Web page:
V. N. Kuznetsova's Translation
V. N. Kuznetsova's scholarly publication of new translations of Matthew, Mark, Luke, and John, Kanonicheskiye Yevangeliia [Gospels] (Moscow: Nauka, 1992), and Poslaniye k Rimlianam [Romans] (Moscow: Dom Marii, 1993), aimed at accuracy and comprehension. Kuznetsova has abandoned the principle of literal, word-for-word translation, in favor of the principle of dynamic equivalence. Her work closely follows the more recent critical editions of the original Greek texts based on the scholarship of Eberhard Nestle and Kurt Aland.10
Given the Russian Orthodox Church's strict adherence to the Byzantine textual tradition, one would not expect it to approve of Kuznetsova's work, which is based on the Nestle-Aland Greek text. On the other hand, the Moscow Patriarchate does support the Russian Bible Society, which is preparing a new translation of the New Testament, based on Kuznetsova's work, as modified by a committee of experts. This translation is near completion.
Editor's Note: The author wishes to express his appreciation to Dr. Henry R. Cooper, Jr., professor of Russian and chair of the Department of Slavic Languages and Literatures, Indiana University, Bloomington, IN, for his helpful reading of an earlier draft of this article.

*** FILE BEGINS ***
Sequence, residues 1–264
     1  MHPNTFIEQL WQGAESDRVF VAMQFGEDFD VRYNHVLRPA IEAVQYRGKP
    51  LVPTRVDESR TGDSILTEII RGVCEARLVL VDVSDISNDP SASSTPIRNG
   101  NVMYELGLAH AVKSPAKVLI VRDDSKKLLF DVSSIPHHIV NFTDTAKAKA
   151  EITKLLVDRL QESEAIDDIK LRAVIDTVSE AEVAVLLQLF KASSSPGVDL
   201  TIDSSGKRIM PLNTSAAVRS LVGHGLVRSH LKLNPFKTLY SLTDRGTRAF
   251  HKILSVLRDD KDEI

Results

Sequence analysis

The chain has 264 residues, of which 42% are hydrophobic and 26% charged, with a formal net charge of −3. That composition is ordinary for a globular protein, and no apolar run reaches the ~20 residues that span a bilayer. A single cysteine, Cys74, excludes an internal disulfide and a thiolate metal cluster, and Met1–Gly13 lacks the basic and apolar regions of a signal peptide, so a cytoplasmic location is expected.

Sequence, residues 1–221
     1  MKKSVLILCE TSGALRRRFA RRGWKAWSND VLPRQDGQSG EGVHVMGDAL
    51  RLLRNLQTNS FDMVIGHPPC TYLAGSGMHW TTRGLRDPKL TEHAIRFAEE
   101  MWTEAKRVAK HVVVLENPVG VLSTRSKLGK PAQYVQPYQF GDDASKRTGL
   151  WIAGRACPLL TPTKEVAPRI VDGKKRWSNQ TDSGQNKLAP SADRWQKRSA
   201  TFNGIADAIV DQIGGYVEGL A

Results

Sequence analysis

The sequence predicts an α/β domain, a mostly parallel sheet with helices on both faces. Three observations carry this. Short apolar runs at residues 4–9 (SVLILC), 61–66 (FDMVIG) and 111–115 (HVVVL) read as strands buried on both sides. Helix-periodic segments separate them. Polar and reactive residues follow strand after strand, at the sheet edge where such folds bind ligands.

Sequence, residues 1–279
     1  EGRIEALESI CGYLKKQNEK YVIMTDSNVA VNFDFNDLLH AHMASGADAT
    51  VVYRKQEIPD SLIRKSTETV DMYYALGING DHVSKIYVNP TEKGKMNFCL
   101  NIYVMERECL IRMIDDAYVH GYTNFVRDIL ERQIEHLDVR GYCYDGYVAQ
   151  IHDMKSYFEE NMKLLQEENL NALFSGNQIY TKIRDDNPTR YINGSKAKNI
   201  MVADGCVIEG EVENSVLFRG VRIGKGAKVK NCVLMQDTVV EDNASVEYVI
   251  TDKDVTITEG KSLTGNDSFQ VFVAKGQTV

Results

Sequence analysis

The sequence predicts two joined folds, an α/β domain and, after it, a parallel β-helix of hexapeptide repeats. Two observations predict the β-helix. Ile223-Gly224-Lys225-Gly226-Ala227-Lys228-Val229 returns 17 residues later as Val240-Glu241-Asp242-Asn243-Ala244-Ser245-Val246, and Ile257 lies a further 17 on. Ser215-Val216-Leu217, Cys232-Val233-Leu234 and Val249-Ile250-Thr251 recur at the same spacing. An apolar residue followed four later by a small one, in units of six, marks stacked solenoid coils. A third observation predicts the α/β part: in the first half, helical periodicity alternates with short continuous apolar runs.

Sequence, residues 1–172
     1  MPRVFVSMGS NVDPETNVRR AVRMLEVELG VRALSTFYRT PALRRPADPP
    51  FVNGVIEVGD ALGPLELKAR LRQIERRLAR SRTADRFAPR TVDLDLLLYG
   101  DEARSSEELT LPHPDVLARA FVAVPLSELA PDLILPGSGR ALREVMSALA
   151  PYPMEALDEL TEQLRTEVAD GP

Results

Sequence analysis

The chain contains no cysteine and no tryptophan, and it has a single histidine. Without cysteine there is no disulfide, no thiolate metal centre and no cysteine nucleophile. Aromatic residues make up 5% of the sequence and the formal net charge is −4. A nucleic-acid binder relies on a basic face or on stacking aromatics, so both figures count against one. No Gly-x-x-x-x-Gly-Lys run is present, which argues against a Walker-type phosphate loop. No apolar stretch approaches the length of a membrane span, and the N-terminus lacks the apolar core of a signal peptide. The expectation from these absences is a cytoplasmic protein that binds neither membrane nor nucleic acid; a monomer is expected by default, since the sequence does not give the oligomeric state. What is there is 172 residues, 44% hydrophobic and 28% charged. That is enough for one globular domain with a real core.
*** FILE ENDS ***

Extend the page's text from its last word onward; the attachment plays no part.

Mark Elliott is editor of the East-West Church & Ministry Report.
Mir Biblii [The World of the Bible], founded by the late Fr. Alexander Men and published by St. Andrew's Biblical Theological College, is an excellent source for information on Russian Bible translation. For example, volume 1, issue 1 (1993), includes a translation of "Job" by S. Averintsev, with Bible commentary by G. K. Chesterton; articles on Qumran (Alexander Men), "In Memorium" to Fr. Alexander Men (Alexander Borisov), Russian Bible origins (Aleksei Bychkov); and reviews of new Russian Bible translations: "Acts" (K. Logachev); "The Gospels" (L. Lutkovsky); The Living New Testament (Mikhail Seleznev); and the World Bible Translation Center Good News New Testament (Mikhail Seleznev). Issue 4 (1997) includes articles on the Greek text of the New Testament (Bruce Metzger), exegesis and spirituality (Gordon Fee), Jesus in the Qumran (Aleksei Jouravsky), and ecology and the Bible (Leonid Vasilenko); and reviews of new Russian Bible translations: "Jonah" (Edward Junz); and "Genesis" 1-8 (Mikhail Seleznev). Cost: Vols. 1-3 (1993-95): $6 each; Vol. 4 (1997): $8; Vol. 5 (1998): $9.50; Vol. 6 (1999): $10.50. Contact: Aleksei Bodrov, editor, ul. Volkhonka, d. 18/2, 121019 Moscow, Russia; tel: 7-095-233-2790; fax: 7-095-551-3462 and 230-2902; e-mail: email@example.com.
© 1999 East-West Church and Ministry Report